(Read full post)

Give it away now

March, 11, 2013
In addition to their first loss in their last six games, the Boston Celtics came away from their matchup with the Oklahoma City Thunder on Sunday with a stark reminder that taking care of the ball can go a long way toward avoiding defeat.

Most of Boston's problems on Sunday came on the offensive end, as the C's put up just 79 points on 37.7 percent shooting. But even more cringe-inducing than the Celtics' field goal percentage were the 19 turnovers that led to 19 Thunder points. In the first quarter alone, Boston forked the ball over a whopping nine times, which Oklahoma City happily converted into 10 points.

Turnovers haven't been a major issue for Boston this season, though they've handed the ball over far more than they would prefer to of late. For the season, Boston's turnover rate (turnovers per 100 possessions) is 15.2 percent, good for the 10th lowest figure in the league, according to

The Celtics have even managed to keep their turnovers in check since they lost Rajon Rondo for the season with a torn right ACL. In the 19 games since Rondo's departure, Boston has posted an even more reasonable turnover rate of 14.9 percent. Not being overly guilty in the turnover department has certainly played a factor in the C's posting a 14-5 record since Rondo went down.

But hone in on Boston's last six games and it's almost surprising that they managed to win five of them considering their leap in turnover rate. Over the last six contests, Boston's turnover rate has jumped up to 17 percent, with the biggest culprit games coming against the Golden State Warriors (17 turnovers), the Philadelphia 76ers (a season-high 22), the Atlanta Hawks (16) and the Thunder (19) in that span.

Boston held double-digit leads over Philadelphia and Atlanta in those respective wins, but ultimately had to grind out victories as opposed to winning comfortably. While turnovers didn't play a significant role in the C's sacrificing a 12-point lead to the Hawks, they did factor into the Celtics losing their 15-point fourth quarter lead to the Sixers. Boston committed five turnovers in the fourth frame against Philly, with four of them coming after they held their 15-point edge. The Sixers outscored Boston 25-18 the rest of the way.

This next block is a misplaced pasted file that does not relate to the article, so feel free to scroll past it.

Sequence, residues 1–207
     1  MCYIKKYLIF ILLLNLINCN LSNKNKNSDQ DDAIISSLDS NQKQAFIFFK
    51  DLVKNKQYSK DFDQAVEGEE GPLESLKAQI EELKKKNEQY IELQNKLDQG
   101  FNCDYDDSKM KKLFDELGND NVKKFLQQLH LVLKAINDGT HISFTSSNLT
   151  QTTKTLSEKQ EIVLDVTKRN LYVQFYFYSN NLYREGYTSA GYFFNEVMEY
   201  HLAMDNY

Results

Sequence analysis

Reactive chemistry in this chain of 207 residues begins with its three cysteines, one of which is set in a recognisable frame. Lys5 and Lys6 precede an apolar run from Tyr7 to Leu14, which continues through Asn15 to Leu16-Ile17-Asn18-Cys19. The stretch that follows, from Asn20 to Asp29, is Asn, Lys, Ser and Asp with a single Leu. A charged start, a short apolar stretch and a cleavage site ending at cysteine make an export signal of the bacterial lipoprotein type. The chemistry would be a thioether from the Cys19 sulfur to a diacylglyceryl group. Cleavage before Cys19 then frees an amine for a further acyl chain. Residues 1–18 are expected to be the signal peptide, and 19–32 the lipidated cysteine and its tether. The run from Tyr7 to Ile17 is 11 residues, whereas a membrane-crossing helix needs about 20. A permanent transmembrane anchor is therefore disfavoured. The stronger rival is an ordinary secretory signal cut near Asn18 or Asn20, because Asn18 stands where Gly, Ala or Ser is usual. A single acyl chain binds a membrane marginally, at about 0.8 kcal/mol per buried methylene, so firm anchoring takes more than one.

Turnovers can never be prevented entirely, but head coach Doc Rivers would likely want to see his players cut back on what he often dubs "careless" turnovers -- the lazy passes and poor decisions that result in the other team taking the ball. The good news is the C's haven't been overly guilty of turnovers this season, but they would certainly like to see their turnover rate resemble the more respectable figure it was before these most recent six games.

CelticsHub: Eliminating turnovers

March, 5, 2013

In last week's Celtics Mailbag, a reader asked about Boston's turnovers since losing Rajon Rondo for the season. Here's what we found:
In the 43 games before Rondo tore his ACL, the Celtics had a team turnover percentage of 15.3 percent (11th best in the league). Without Rondo -- and without a pure backup point guard -- we all figured that number would rise. Over the past 14 games, however, the number has actually dipped to 13.9 percent, which is fifth best in the league in that span.

Boston has long been one of the league's worst in turnover percentage, ranking 25th or worst in the Kevin Garnett era. Our good friend Brian Robb at CelticsHub takes a longer look at this year's turnover elimination without Rondo:
A quick sampling of individual turnover rates tells an even bigger story:

Turnovers/100 possessions
Pierce: 12.8
Green: 12.7
Lee: 10.7
Bradley: 9.7
Wilcox: 9.6
Barbosa: 8.5
Terry: 7.9
Crawford: 7.4
Garnett: 7.3
Bass: 6.3

That, my friends, is an elite group at protecting the basketball, even with increased ballhandling duties for the guards without Rondo on the shelf. The best part of these reduced rates is they are all relatively sustainable. Throughout their career, all of these guys have low-turnover rates, meaning that despite the limited sample size, Boston should be able to keep protecting the ball for the remainder of the season. The team’s improvement in the turnover department has translated into their overall offense, as the team’s offensive efficiency has jumped from 99.8 to 101.9 (18th in the NBA) without Rondo at the helm.

Hop HERE to read more on CelticsHub.

Taking advantage of turnovers

February, 5, 2013
AP Photo/Elise AmendolaTurnovers have allowed Boston to generate easy buckets over the last four games.
When Rajon Rondo and Jared Sullinger were lost for the remainder of the season, Celtics president of basketball operations Danny Ainge and coach Doc Rivers stressed it was an opportunity for others to step up. Well, the Celtics have certainly been an opportunistic bunch since losing their All-Star point guard, particularly with opponent's turnovers.

Not only has Boston ratcheted up its defensive intensity causing more turnovers, but it's parlayed those opponent giveaways into easy points that have helped spark this four-game winning streak.

The Celtics are averaging 2 more turnovers and six additional points off those giveaways per 48 minutes over the last four games. Maybe the most staggering number is that a whopping 22.9 percent of Boston's total points have come off turnovers in recent games as opposed to 17.1 percent over the first 43 games of the season. Let's take a closer look at the numbers: